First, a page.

The tragedy behind French surfing champion’s amazing Australian gap year


Like many young backpackers, she dreamed of a life of fun and adventure in sunny Australia.

But these are the last pictures of the tragic French surfing champion Poéti Norac, who died suddenly while on the Sunshine Coast.

The 24-year-old model died after moving to Australia for a trip-of-a-lifetime to pursue her surfing dream, which had already seen her scoop national trophies. 

The popular athlete had been working and travelling in the country for more than a year, moving around the east coast and even enjoyed a trip to Tahiti. 

In an emotional social media post just months before her death, Ms Norac told friends to ‘keep doing what you love’.

‘No matter how many times you “fail”, how many “mistakes” you make, you are not wasting your time,’ she said.

Police confirmed to Daily Mail Australia her death was not being treated as suspicious. 

‘You are learning. And as long as you keep doing what you love with passion and working hard for what you really want, it’s always worth it in the end.’

She had spent the year enjoying the delights of Byron Bay, Noosa and the Sunshine Coast – backpacking hot spots known for their enviable surf conditions.

But tragedy struck as the aspiring athlete lost her life under mysterious circumstances last weekend.

Her devastated parents are understood to have left France for Australia on Thursday to recover their daughter’s body. 

A childhood friend said the bright and bubbly surfer had ‘worn a happy mood for everybody’. 

Emma Piart wrote a tribute to the athlete, explaining that she had come to Australia to pursue her ‘surfing passion’.   

‘For me it is a great suffering to lose a special sister with whom I’d grown up with,’ she said.

‘We will remember her laugh and her good mood she wore for everybody.’ 

But in a question and answer video posted to YouTube, Ms Norac hinted there was a darker side to her year of adventure in Australia. 

‘I would recommended that my previous boss goes out of his comfortable little bubble, so he might understand that backpackers also deserve respect, as every human does’, she said in the cryptic video.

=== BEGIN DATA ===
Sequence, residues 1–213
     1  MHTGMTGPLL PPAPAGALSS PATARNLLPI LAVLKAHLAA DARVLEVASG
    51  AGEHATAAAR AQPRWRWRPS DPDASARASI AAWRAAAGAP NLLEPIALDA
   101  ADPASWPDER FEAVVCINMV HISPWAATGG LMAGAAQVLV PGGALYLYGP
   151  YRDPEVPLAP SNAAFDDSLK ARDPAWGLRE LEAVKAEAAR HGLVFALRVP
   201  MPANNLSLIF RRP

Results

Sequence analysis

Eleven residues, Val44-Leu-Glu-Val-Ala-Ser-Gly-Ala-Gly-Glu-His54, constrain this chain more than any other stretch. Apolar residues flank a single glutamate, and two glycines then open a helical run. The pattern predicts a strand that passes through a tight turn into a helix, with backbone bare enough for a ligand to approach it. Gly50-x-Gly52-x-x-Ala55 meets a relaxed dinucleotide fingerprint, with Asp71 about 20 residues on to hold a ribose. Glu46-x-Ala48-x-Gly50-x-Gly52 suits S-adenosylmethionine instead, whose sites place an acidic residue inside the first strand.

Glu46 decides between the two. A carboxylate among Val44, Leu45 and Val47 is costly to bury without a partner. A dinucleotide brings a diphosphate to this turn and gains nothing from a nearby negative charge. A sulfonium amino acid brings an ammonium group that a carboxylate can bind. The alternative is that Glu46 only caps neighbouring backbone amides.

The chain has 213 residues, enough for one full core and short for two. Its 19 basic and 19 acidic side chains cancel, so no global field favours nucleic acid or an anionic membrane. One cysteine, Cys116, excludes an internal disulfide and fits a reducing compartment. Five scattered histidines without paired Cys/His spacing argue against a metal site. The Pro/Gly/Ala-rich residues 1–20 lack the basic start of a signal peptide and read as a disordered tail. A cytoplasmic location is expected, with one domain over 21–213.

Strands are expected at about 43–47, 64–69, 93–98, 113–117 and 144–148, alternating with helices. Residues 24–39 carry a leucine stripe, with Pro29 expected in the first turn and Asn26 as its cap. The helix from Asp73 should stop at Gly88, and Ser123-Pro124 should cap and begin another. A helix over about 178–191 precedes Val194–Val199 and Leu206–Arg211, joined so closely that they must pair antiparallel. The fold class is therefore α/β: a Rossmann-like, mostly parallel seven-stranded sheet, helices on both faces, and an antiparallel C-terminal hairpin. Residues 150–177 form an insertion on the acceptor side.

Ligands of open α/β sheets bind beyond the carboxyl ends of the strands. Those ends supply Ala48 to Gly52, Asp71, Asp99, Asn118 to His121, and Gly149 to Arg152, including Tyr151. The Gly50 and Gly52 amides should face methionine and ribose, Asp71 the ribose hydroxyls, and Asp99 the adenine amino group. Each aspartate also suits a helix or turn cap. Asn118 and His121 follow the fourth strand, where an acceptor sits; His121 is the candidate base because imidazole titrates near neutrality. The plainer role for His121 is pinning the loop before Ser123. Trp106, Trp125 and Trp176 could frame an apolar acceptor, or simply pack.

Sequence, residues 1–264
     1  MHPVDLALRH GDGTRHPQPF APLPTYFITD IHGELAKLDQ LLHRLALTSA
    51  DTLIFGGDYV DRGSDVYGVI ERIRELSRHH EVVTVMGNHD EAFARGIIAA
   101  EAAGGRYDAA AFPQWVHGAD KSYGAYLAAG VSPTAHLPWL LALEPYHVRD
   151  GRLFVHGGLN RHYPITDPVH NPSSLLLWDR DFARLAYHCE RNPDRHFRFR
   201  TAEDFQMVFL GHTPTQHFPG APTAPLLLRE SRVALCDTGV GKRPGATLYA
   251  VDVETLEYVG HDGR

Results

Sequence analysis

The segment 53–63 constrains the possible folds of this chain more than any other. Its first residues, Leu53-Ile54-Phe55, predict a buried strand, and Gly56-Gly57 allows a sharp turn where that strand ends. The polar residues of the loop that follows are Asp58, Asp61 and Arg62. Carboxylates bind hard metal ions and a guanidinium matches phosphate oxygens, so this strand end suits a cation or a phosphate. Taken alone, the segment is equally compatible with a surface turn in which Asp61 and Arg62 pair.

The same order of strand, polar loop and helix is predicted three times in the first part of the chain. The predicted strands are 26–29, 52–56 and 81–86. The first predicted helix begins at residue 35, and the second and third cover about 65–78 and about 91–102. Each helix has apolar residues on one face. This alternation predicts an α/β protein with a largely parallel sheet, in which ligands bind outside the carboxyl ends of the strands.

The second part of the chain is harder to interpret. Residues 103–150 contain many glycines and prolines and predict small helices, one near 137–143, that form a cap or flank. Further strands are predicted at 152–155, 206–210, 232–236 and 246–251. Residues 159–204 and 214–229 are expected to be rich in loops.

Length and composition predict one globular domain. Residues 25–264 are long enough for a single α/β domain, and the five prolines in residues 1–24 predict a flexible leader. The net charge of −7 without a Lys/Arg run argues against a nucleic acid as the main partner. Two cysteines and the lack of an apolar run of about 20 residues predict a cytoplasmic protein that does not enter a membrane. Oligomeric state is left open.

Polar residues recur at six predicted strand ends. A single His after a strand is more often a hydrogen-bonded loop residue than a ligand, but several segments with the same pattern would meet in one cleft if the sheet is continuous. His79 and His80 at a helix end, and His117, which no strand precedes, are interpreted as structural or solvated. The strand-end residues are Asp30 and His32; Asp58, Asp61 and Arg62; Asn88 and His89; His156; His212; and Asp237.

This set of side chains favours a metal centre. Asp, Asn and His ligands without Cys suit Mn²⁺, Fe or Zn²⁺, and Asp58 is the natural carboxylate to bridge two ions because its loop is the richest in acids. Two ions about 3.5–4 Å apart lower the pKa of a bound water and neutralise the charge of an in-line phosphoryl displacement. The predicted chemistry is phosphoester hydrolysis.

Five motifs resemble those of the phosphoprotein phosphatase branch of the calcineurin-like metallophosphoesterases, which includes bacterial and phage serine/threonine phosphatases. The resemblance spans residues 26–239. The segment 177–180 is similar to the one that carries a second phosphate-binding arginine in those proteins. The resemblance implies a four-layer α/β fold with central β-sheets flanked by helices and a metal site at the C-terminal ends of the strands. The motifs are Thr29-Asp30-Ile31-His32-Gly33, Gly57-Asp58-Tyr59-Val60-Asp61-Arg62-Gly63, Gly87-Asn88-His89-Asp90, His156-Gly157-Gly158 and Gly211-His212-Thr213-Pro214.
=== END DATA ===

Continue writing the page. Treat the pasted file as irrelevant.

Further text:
She had worked in a gardening centre potting plants during her backpacking adventure, but had also looked for farm work to secure her second year’s working holiday visa. 

Ms Norac said the job was ‘pretty boring’ as she was doing the ‘same thing every day’, but was happy to be able to improve her English skills.

She had been a major player in French surfing, coming second in the national championships in 2018 and third in 2016.

A statement by the French Surfing Federation said the sport had lost a ‘young and talented’ surfer who had spread her ‘passion’ for the sport. 

Ms Norac had started surfing with her father at the age of six, taking to the sea in the coastal town of Les Sables d’Olonne.

She shared pictures of herself enjoying the sea and surf with family and friends all over the world. 

After initially surfing on a shortboard, she later took up longboarding and had been competing in that discipline for 10 years.

‘The surfing family is in mourning. She was an outstanding educator and transmitted her passion for sliding and the ocean,’ the federation said.

‘The surf community has lost a family member, a beautiful person with a radiant smile, an artist on her board and whose enthusiasm radiated in the Vendée [region]and everywhere else.

‘A ceremony in tribute to Poéti will take place soon, which we will inform you of the date and place.

‘The Federation of French surf sends its deepest condolences to her parents, loved ones, friends and to the surf club of St Gilles Croix de Vie. Poéti is gone, but will stay in our hearts.’

For confidential support call the Lifeline 24-hour crisis support on 13 11 14. 


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